Novel C-3-(N-alkyl-aryl)-aminomethyl rifamycin SV derivatives exhibit activity against rifampicin-resistant Mycobacterium tuberculosis RpoB strain and display a different binding mode at the RNAP β-subunit site compared to rifampicin.
Journal:European journal of medicinal chemistry, Volume: 225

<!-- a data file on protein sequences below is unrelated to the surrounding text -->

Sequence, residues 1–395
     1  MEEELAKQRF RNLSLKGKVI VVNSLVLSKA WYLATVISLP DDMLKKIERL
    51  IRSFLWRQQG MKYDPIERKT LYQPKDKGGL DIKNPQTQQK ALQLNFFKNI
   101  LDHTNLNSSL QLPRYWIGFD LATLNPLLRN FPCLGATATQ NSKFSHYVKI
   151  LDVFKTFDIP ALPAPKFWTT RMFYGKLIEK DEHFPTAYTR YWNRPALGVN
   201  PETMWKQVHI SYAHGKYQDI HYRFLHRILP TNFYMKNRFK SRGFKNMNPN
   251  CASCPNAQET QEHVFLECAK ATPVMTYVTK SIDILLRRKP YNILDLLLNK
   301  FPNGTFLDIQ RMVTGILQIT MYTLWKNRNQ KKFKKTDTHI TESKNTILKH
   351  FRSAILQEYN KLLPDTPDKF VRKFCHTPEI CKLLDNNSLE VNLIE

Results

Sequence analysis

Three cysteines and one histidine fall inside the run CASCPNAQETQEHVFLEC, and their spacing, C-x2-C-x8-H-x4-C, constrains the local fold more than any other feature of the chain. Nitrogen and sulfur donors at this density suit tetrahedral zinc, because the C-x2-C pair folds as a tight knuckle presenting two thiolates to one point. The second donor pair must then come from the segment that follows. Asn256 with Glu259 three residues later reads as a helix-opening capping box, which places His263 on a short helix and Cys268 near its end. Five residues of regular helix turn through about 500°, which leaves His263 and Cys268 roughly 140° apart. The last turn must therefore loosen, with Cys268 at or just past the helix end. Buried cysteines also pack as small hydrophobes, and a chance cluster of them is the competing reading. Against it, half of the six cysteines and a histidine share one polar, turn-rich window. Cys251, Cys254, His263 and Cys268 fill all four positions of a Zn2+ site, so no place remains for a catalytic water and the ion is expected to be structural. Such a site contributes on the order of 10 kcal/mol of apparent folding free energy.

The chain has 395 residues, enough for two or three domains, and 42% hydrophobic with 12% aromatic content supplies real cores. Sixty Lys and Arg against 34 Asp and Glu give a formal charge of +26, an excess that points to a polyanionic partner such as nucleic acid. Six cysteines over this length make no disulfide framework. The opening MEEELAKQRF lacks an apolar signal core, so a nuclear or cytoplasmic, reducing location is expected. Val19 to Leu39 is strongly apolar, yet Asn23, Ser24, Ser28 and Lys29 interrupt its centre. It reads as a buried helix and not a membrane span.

Antimicrobial resistance is a main concern in tuberculosis treatment and is often associated with the emergence of Mycobacterium tuberculosis strains resistant to rifampicin (RIF), which is one of the cornerstones of tuberculosis chemotherapy. In this study, aminoalkyl-aromatic ring tails were appended to the C3 position of rifamycin core to assess the role of C3 substitutions to the anti-mycobacterial activity of the rifamycin antibiotics. The typical hydrazone unit of RIF was replaced by an amino-alkyl linkage to connect the aromatic ring tails with the rifamycin naphthoquinone core. Eight novel C3-(N-alkyl-aryl)-aminoalkyl analogues of rifamycin SV were synthesised and screened in vitro against wild-type HR37Rv and “hypervirulent” HN-878 strains, and a panel of rifampicin-resistant M. tuberculosis clinical isolates carrying mutations at the 522, 531 and 455 positions of the rpoB gene (RpoB, RpoB and RpoB strains). The analogues exhibited anti-tubercular activity against H37Rv and HN-878 at submicromolar or nanomolar concentrations, and against clinical H37Rv isolates bearing the S522L mutations at low micromolar concentration. Benzylamine moiety-including analogue 8 was as active as rifampicin against HN-878 with a MIC value of 0.02 μM, whereas 14 and 15, which included tryptamine and para-methyl-sulfonylbenzylamine C3-substituents, respectively, showed higher anti-tubercular activity (MIC = 3 μM) compared to rifampicin against the S522L mutated H37Rv strain. Detailed in silico analysis of different RNAP molecular systems predicted a distinct, possibly novel, binding mode for the new rifamycin analogues. These were found to occupy a different space in the binding pockets of both wild type and mutated RNAP proteins compared to that of rifampicin. Moreover, the molecular modelling experiments investigated the ability of the novel analogues aromatic tails to establish key interactions at the RNAP binding site. These interesting findings might pave the way for generating rifamycin analogues that can overcome anti-microbial resistance in M. tuberculosis.